not queued up to tackle this disc. It smacks of an earlier
age when enthusiasts – usually male – wanted to show off the
capabilities of their hi-fi set-up. We are talking here LPs
and turntables. As for the classical repertoire the works
of choice would be Tchaikovsky’s 1812 overture with
Beethoven’s Wellington’s Victory coming a poor second.
I am sure there
are dissertations written already and yet to be written about
battlefield music. Albert Petrak’s notes make a good start.
It is interesting though that the Beethoven and the Tchaikovsky
works, appropriated as gaudy audio showcases, commemorate
the same battle. Tchaikovsky had the decency to offer choirs
and bells as well as cannon-shot. No wonder there are far
more recordings of 1812 than of Wellington's Victory.
That said, the record industry, often slow at recognising
a glut, have stemmed new productions over the last twenty
years. A moratorium was long overdue.
Victory symphony is an interesting partner to the the
same composer’s Eroica, the latter written to extol
the glorious Napoleon and then recanted while the former,
shallower work, was written as a celebratory extravaganza.
The present recording was made using the rattle of authentic
musketry and the crump of a twelve pound cannon from the North-South
Skirmish Association. Authentic it may be but presumably the
Association had to discard their usual Civil War weaponry
and track back half a century to use the sort of muskets and
cannon that were deployed at Waterloo.
are full exploited and similarly with the orchestra. Rabble-rouser
that it is, it makes use of God Save the King and Malbrouk
to represent the British and the French but why is it
that the Prussian Blucher does not get a look-in? Still the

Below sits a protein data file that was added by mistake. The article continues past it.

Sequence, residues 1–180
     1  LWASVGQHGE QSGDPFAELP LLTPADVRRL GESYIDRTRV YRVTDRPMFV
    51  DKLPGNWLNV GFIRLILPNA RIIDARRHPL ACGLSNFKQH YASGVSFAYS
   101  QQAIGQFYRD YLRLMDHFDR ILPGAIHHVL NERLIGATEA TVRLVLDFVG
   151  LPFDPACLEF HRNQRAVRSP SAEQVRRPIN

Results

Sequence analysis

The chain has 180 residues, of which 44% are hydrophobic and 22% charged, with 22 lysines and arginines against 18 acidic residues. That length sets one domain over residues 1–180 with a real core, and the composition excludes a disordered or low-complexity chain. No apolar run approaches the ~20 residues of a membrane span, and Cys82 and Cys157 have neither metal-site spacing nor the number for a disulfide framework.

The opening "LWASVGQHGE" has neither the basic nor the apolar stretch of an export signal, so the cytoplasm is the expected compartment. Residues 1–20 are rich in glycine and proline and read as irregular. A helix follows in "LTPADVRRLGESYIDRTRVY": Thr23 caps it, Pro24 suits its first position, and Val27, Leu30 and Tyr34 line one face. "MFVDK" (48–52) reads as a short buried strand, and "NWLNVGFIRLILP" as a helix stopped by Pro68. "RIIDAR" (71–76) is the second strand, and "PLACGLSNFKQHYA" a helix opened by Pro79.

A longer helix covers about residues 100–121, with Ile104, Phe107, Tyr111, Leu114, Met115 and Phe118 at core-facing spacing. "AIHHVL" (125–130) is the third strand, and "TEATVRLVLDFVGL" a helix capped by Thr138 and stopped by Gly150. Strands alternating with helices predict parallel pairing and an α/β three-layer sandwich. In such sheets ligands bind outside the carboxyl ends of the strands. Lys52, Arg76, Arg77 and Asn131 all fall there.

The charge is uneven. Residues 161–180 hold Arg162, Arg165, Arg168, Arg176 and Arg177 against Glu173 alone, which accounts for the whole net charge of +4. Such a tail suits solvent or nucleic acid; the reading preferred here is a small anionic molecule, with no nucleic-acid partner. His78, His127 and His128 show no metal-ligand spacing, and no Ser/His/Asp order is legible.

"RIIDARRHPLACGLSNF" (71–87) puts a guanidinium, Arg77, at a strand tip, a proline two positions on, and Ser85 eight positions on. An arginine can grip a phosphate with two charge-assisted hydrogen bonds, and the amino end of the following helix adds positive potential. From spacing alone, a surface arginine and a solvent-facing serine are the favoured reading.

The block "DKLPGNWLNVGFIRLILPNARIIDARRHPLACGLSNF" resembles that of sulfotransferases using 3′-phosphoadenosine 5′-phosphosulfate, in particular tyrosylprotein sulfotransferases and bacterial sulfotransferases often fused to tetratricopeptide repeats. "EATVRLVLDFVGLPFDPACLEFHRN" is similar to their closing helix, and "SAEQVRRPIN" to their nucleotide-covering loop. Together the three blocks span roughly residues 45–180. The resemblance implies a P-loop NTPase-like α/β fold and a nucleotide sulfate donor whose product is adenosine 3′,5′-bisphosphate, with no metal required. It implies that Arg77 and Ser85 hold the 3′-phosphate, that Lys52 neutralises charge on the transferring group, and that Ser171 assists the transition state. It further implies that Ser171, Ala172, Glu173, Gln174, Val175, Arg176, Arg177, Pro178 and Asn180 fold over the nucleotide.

results here are spectacularly clear and the performance is
extremely musical so all praise to Cincinnati and Kunzel.
The Liszt Hunnenschlacht
is a wild romp and sometimes a bit of a brawl but Kunzel
does an excellent job of preventing the whole thing turning
into a gabble. The downside is that it is a bit tame for a
fully faithful portrayal of the subject as reflected in Wilhelm
von Kaulbach’s fresco of the same name. Actually he brings
out the musical threads of this work far more adeptly than
Haitink and Mehta in their Philips and Decca recordings respectively.
Kunzel is the antithesis of Golovanov whose mono Melodiya
cycle of the Liszt poems will appeal to tolerant-eared music-lovers
who value the elemental force that the Russian conductor finds
or infuses into these scores. At its peak (13:10) there is
grandeur and even bombast aplenty. As for the Hungarian
March to the Assault this is a fun work written originally
for piano in 1843. Liszt orchestrated it in 1875. Is that
a zither I hear amid the conflict?
Just to be clear,
the musketry appears only in the Beethoven. I should also
add that the gunshots were recorded separately and mixed in
as part of the Soundstream digital process.
disc is very short value at only
just over 35 minutes so you will
need to want the Beethoven
– though you’re not spoiled for
choice – or be a passionate Liszt
completist. Just as well this is
a further example of Telarc dropping
the price of premium CDs sitting
on their warehouse shelving. If
the idea appeals now is the time